Starting school for the first time is often quite a stressful time for both parents and children alike. It’s a massive change, and can take some getting used to. Of course every child is different, and while some take to this whole school thing like a duck to water, some don’t handle the change quite so well.
I really thought Caitlin would be part of the first group. She spent a lot of the summer telling me how excited she was, almost counting down the days until she could go to school. She was thrilled by the prospect of meeting new people and making lots of new friends.
Last year we had a tough home to school transition with Neil, but we had prepared ourselves for that. This year, with Caitlin, I expected it to be different. I expected her to skip in to school each morning without a care, and then come bounding out at 12.30 full of stories. Instead, when I pick her up, I see pure relief in her smile. As children head away with their mummies and daddies, calling ‘bye’ to each of their friends, Caitlin stares straight ahead, desperate to get away.
We take the car home with one of the girls in her class and her mummy. The little girl often tries to talk to Caitlin, but again she stares straight ahead, without a response. When we get out of the car she won’t even say bye to them. If anyone tries to talk to her at the bus stop in the morning she turns to face the other way. I’ve tried to gently encourage her to reply but she won’t.
I even had her class room assistant pull me to one side on one of the days and say they were concerned that she wasn’t well because she had been very quiet and wouldn’t speak or join in with anything.
I’ve asked her what is wrong, why she won’t speak to anyone and she says it’s because she is shy. It breaks my heart to think of her sitting at school feeling like she can’t talk to anyone or join in.
The whole thing seems to be really upsetting her, and the worst thing is, she is too afraid to tell me.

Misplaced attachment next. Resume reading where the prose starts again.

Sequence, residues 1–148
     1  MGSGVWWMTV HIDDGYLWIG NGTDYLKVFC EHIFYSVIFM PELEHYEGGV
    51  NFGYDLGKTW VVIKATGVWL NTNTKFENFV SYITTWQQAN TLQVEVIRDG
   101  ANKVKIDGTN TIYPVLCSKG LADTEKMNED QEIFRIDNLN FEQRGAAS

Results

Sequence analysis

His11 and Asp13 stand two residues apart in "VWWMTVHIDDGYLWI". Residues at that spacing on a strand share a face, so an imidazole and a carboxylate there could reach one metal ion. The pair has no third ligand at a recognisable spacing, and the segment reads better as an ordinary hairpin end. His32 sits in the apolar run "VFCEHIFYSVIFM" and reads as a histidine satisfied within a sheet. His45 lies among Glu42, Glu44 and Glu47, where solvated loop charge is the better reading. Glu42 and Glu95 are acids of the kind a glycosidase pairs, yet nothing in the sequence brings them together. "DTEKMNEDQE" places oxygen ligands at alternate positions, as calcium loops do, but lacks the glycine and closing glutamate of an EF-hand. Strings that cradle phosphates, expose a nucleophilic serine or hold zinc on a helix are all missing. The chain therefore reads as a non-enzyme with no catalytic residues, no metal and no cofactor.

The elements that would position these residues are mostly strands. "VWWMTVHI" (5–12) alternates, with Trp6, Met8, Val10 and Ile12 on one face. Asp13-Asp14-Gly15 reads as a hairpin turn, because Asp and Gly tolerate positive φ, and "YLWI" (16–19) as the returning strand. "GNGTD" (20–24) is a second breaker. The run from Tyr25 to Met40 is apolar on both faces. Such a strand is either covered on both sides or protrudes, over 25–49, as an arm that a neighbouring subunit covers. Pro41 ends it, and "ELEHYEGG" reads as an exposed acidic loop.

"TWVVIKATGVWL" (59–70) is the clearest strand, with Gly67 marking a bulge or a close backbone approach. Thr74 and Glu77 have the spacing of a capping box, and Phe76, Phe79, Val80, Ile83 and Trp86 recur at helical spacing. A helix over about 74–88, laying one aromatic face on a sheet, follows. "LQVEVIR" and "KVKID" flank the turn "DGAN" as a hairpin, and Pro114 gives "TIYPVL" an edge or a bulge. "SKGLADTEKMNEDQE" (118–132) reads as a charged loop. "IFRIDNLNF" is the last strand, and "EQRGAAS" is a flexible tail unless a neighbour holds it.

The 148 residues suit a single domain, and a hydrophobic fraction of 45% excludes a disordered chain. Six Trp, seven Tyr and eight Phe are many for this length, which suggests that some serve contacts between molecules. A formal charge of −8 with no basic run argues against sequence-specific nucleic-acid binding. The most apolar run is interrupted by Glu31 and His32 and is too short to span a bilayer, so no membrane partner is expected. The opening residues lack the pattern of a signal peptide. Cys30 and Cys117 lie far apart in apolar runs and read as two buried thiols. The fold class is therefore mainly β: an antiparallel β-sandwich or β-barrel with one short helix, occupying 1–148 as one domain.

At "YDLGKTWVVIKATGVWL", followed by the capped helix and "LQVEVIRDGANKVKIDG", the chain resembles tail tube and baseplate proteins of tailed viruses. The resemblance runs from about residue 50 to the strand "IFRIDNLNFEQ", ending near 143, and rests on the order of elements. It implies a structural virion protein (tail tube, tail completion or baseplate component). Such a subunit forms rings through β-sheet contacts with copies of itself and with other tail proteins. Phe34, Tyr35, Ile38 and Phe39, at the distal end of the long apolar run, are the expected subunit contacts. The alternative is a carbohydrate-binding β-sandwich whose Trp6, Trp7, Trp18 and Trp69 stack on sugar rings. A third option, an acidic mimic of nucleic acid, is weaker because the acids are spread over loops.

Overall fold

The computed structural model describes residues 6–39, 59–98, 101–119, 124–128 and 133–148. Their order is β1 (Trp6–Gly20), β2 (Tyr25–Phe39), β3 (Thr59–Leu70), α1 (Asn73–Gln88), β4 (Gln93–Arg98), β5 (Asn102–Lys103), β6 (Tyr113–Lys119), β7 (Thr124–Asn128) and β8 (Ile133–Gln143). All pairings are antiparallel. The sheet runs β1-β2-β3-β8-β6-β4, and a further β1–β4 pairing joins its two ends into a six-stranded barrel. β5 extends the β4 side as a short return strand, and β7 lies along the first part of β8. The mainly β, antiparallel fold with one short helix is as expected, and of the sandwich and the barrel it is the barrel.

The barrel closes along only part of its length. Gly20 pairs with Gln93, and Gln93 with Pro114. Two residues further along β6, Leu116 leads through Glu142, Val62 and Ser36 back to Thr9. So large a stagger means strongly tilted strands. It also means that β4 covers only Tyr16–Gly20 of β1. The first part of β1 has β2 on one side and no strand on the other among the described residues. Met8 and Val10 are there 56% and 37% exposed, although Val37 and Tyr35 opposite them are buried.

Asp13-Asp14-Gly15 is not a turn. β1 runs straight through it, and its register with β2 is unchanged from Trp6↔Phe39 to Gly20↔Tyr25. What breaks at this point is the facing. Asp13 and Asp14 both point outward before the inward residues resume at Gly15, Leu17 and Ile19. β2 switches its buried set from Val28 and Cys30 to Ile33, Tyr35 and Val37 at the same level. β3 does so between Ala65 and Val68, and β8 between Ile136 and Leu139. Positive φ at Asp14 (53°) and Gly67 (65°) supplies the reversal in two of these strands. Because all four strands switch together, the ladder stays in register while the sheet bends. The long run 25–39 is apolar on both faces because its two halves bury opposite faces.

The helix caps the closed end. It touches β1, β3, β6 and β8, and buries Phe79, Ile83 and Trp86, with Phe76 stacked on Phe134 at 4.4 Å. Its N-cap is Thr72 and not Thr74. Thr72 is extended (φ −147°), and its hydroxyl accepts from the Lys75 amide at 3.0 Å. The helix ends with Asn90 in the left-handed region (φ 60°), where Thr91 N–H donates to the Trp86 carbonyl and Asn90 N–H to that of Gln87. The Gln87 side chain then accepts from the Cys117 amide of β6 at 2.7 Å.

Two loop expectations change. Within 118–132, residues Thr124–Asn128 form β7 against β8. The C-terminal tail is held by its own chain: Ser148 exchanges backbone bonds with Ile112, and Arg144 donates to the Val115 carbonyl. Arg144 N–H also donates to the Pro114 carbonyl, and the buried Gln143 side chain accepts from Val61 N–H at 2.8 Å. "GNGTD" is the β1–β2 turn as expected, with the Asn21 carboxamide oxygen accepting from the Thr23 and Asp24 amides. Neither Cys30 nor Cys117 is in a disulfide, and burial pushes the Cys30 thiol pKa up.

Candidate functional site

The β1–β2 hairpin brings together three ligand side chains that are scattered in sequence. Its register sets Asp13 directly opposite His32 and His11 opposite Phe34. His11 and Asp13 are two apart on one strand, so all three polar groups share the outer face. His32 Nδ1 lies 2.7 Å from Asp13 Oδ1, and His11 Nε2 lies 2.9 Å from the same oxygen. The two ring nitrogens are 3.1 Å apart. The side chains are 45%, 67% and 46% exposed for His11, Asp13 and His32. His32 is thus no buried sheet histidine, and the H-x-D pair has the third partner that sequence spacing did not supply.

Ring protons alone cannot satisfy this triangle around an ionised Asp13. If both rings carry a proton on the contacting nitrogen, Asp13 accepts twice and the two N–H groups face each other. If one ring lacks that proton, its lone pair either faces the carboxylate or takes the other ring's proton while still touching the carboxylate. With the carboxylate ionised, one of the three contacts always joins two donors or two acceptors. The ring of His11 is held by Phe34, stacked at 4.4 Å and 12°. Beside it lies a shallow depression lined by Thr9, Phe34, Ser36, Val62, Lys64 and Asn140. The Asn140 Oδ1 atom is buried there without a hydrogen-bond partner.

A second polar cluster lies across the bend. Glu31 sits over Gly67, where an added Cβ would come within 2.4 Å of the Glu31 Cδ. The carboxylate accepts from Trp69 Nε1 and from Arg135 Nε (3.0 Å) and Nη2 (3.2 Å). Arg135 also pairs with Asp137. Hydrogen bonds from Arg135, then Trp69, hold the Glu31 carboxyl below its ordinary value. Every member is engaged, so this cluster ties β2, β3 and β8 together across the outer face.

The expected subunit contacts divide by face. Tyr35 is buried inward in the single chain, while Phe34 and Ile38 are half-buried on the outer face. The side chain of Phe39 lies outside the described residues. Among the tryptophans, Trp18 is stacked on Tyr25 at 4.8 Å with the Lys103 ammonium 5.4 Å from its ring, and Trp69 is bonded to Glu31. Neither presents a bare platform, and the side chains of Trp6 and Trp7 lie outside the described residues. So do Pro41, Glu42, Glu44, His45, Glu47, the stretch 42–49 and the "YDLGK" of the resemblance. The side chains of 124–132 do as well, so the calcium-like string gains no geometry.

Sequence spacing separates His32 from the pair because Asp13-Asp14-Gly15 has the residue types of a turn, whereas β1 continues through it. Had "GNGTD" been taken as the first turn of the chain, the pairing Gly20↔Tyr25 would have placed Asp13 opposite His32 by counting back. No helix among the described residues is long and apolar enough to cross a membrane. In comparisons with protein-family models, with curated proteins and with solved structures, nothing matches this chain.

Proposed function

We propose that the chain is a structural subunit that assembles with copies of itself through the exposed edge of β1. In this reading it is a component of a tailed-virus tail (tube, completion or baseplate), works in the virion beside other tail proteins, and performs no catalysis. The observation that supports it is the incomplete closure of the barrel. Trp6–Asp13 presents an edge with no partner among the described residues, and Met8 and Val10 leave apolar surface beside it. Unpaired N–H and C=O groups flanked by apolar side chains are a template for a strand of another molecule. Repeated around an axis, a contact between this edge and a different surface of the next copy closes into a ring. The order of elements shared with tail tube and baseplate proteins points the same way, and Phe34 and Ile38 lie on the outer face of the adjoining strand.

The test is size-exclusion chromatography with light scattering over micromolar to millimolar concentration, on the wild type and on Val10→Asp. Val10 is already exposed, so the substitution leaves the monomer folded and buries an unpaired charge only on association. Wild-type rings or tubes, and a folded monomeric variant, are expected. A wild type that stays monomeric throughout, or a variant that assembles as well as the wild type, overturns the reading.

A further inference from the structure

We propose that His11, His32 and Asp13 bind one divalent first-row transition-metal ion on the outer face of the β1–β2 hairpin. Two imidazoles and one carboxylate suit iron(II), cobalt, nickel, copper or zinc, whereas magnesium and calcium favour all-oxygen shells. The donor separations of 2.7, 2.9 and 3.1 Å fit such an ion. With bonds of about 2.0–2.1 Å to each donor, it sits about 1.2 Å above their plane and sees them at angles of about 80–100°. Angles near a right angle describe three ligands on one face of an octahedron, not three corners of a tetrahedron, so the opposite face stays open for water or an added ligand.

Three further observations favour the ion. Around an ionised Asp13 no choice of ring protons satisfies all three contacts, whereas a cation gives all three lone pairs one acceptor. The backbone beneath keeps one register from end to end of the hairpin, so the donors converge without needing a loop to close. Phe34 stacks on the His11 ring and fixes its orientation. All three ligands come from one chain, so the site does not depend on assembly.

She plasters on a smile and tells me she loves it, but her actions tell a different story. She’s been asking if I will sleep with her, and often climbs in to my bed at night, something she hasn’t done for a while. She has also been bursting in to tears over what would seem like the silliest of things.
I found her standing in Neil’s bedroom one night when I came upstairs, and jokingly told her she had been caught red handed. She ran out of the room sobbing and barricaded herself in her bedroom, which is another thing she has been doing a lot recently.
When I ask her what is wrong she tells me nothing. I’ve tried to ask if school is upsetting her and she says no. I don’t want to push it because I don’t want to make a big deal out of it, because it’s probably not a big deal. It’s probably just a case of Mummy being a massive worrier, as I always am.
Now I know what you are probably thinking, and it’s the same as what others have said to me, “Give it time, she’s only been at school for a week, she will settle in”, and I know these things can take time, but I just hate the idea of her feeling sad or left out.
I signed her up for singing lessons in school, hoping that will help boost her confidence a little bit. She had her first lesson today, and was so excited that they got to sing ‘Do you wanna build a snowman’ from frozen. She also has some colouring in, and a little set of instructions of how to stand for singing, which she has to practice at home.
Does anyone have any advice on this, should I be giving her time to find her feet, or should I be encouraging her a bit more? Am I making a big deal out of nothing?